# Sira Gratz receives Villum Young Investigator Grant

Sira Gratz has been awarded a Villum Young Investigator grant for the project "Cluster Algebras and Invariants".

Take a regular polygon, and draw lines between its vertices such that the whole polygon is now tiled with non-overlapping triangles. This is called a triangulation. A powerful observation is that no matter which triangulation we choose, we will always be able to reach any other triangulation by replacing diagonals one by one. This structure can be vastly generalised to the notion of cluster combinatorics, which describes how to mutate between structures by an evolving set of rules, and appears in a variety of interesting settings across algebra, geometry, topology and physics.

The Villum Young Investigator project tackles the central questions: What do all of these instances of cluster combinatorics have in common? How can we formally compare them, and find invariants that can help distinguish if we are dealing with the same mutation rules in different settings? Sira's original scientific key idea is to characterise such rules in an abstract setting by describing the mutation procedure without an ambient context, and to apply ideas from topology to study their “shapes”. Different instances of the same set of rules must have the same shape, so this will allow us to compare such processes even if they occur in very different contexts, building bridges between areas of mathematics and physics and facilitating the transfer of machinery from one area to another.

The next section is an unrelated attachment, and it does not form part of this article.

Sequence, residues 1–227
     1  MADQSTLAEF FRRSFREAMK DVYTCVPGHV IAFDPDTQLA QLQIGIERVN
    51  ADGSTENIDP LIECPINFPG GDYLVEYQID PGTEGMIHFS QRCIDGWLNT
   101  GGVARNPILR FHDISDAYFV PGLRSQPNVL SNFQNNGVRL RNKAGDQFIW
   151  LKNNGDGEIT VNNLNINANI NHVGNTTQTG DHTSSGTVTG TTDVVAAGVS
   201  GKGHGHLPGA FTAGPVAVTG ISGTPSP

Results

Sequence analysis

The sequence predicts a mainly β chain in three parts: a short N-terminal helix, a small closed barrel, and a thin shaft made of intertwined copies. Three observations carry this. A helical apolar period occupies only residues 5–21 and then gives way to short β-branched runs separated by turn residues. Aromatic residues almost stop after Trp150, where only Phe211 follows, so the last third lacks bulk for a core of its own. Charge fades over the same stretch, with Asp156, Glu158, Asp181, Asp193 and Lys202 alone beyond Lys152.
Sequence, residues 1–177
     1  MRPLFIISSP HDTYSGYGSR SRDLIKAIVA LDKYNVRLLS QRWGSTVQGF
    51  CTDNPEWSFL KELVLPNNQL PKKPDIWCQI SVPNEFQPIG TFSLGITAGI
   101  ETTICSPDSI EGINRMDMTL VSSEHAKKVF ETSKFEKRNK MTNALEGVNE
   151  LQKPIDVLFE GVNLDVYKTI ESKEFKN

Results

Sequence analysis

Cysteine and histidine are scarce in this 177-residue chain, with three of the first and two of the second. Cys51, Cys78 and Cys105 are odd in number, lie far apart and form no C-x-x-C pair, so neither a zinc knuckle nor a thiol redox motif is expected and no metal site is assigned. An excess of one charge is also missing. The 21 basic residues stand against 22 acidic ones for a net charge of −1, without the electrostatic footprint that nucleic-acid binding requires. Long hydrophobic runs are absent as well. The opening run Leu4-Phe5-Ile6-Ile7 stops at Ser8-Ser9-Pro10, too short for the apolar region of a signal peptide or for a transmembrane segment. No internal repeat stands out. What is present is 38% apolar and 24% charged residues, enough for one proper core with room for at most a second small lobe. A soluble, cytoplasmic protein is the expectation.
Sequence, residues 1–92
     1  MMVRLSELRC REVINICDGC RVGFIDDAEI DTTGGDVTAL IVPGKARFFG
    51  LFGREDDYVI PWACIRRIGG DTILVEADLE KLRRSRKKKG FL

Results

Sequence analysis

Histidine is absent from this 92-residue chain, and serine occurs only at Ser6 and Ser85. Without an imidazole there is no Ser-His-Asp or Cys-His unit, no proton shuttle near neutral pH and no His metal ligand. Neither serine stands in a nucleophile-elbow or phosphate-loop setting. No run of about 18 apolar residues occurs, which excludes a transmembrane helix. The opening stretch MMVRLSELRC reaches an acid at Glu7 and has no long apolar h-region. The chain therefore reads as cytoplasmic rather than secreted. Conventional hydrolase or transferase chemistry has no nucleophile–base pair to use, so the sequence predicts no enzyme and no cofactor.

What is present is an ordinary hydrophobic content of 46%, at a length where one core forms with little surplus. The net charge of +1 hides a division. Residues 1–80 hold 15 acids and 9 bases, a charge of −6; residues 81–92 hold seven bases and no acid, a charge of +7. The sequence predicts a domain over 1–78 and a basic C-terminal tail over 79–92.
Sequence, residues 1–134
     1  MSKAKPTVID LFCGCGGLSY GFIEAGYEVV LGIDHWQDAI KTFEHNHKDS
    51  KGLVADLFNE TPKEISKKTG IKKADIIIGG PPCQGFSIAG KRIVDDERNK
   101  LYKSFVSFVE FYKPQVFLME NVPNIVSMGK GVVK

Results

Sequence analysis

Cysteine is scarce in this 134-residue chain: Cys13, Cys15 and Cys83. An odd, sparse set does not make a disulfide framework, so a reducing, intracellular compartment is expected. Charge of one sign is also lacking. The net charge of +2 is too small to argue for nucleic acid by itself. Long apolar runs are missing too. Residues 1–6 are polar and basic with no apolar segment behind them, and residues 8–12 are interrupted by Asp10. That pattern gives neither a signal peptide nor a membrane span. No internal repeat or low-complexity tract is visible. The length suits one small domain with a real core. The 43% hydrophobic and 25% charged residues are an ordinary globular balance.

Sira is currently senior lecturer at the University of Glasgow, but will be pursuing her project at the Department of Mathematics, Aarhus University, where she will start on 1 May 2022, in an associate professor position. Sira will be hiring a PhD student and two postdocs on her Villum grant.